This paper suggests that a significant variant of the European Enlightenment arose among the Romanian intellectual elite in Transylvania in the latter decades of the eighteenth and the early decades of the nineteenth century. Against the background of both the general Enlightenment and the prevailing political and social conditions in Transylvania, it attempts to identify the specific characteristics of what may be called the Romanian Enlightenment. To do so, it analyzes the works of three leading representatives of the Romanian elite —Samuil Micu, Gheorghe Şincai, and Petru Maior— and examines their relationship with the Habsburg Court of Vienna, particularly with Joseph II. It is evident that the Romanian elite adhered to certain salient principles of the European Enlightenment, notable faith in reason and knowledge and a commitment to apply these instruments to the improvement of the human condition. But in even greater measure they were preoccupied with the idea of nation. It was their striving to interweave the tenets of the European Enlightenment, which was essentially cosmopolitan, with the aspirations of nationhood, which were ethnic and particular, that gave the Romanian Enlightenment its distinctive character.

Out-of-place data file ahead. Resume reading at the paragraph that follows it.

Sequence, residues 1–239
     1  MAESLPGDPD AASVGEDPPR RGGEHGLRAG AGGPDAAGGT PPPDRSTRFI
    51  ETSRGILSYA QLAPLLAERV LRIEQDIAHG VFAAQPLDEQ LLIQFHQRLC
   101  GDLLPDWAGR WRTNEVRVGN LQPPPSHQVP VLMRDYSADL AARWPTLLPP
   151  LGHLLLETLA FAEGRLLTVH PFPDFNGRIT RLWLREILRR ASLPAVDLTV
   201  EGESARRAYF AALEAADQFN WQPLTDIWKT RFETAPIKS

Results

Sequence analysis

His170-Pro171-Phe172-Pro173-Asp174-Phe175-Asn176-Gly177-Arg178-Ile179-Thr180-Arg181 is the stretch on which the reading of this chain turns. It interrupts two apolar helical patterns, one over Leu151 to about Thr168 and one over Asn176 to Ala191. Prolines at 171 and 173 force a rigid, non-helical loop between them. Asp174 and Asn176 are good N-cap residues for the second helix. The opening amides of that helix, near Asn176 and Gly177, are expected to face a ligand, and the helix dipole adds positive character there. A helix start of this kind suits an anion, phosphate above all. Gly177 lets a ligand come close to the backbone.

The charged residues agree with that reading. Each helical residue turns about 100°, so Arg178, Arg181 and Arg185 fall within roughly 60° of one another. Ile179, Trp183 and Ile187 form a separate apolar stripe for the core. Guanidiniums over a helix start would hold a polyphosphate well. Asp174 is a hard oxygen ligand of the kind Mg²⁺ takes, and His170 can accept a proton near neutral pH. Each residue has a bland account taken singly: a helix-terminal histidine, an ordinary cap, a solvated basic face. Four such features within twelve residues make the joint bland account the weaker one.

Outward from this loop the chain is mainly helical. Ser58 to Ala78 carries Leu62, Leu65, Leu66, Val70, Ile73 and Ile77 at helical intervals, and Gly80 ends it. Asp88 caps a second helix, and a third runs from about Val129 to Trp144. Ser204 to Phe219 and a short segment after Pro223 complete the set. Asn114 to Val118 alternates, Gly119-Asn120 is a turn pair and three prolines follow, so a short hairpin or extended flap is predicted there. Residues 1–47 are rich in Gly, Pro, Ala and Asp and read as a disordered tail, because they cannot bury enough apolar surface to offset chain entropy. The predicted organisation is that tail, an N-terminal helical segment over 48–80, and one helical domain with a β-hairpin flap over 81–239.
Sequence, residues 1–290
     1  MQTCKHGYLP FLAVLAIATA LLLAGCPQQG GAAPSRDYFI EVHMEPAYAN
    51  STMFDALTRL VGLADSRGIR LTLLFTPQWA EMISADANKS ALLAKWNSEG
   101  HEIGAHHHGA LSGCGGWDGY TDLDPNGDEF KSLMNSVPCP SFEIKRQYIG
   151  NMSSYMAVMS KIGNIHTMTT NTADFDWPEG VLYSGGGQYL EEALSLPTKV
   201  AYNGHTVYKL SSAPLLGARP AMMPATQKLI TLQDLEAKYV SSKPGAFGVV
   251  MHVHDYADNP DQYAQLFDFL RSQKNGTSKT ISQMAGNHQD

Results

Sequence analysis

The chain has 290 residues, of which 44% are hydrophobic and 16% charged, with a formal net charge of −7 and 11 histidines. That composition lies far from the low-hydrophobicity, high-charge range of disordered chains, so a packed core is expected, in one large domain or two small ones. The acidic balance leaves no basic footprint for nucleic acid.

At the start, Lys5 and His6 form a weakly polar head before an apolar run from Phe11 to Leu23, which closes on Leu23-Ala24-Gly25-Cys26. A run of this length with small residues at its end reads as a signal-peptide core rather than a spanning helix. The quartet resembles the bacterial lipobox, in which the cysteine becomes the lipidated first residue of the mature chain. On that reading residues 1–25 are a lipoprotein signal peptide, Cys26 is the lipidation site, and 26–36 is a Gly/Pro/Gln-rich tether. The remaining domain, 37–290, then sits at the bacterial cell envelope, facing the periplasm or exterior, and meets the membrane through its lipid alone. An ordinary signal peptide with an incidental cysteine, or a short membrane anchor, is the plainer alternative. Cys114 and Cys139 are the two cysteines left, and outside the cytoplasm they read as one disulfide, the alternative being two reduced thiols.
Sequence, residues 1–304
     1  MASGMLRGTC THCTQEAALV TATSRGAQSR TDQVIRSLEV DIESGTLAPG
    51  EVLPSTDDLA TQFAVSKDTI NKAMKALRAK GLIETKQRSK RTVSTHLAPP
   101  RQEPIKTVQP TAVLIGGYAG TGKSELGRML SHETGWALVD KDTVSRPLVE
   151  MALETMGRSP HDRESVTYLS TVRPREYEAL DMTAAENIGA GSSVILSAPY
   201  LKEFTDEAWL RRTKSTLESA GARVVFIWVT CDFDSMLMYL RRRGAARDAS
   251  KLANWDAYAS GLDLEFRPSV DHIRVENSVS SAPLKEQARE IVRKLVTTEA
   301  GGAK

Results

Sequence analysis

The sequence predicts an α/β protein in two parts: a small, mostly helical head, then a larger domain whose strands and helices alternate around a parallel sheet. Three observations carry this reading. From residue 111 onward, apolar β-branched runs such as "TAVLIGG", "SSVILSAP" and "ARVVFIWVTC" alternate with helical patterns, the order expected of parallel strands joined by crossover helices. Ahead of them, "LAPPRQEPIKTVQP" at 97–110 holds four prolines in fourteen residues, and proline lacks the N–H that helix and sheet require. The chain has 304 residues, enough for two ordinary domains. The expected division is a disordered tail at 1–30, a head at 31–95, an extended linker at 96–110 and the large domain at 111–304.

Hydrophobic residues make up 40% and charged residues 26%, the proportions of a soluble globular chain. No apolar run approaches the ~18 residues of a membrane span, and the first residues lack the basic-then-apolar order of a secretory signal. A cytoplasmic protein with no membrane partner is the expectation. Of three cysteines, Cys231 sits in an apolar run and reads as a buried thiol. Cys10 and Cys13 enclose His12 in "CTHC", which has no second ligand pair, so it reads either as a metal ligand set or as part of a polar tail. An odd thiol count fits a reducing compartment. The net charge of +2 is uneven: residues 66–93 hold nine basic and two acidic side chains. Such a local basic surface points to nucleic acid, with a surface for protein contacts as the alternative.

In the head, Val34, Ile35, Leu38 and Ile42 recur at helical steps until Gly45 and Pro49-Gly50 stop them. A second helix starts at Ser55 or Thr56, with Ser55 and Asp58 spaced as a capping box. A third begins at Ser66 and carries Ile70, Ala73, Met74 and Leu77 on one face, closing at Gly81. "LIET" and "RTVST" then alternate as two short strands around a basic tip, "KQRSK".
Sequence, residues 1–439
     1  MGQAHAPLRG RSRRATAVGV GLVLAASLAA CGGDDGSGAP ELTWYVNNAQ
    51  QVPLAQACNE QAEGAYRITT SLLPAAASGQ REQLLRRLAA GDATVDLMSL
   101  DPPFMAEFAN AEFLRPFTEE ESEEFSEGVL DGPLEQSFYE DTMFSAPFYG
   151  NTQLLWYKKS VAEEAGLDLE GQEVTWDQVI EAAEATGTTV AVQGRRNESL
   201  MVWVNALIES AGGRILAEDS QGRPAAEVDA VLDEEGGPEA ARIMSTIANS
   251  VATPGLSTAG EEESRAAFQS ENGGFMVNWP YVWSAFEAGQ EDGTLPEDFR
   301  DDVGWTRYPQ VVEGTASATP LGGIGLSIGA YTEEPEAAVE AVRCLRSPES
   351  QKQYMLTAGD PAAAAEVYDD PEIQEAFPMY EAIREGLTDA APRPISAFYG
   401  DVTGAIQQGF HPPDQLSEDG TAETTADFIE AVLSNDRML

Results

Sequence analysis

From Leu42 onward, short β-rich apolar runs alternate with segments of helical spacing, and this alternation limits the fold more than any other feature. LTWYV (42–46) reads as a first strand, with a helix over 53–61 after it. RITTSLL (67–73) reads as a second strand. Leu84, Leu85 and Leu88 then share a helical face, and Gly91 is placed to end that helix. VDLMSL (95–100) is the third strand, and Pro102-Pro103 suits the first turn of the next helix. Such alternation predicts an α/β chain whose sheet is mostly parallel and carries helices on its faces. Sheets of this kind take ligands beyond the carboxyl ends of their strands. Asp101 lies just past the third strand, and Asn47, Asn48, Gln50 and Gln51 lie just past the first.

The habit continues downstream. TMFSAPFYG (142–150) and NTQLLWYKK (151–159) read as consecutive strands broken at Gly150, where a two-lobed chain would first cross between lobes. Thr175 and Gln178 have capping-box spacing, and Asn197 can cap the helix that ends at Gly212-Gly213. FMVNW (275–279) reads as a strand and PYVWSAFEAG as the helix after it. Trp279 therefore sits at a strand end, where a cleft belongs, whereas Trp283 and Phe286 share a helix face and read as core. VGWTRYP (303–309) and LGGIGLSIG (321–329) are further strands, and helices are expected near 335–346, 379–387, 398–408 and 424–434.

|Original language||English (US)|
|Number of pages||12|
|State||Published - 1999|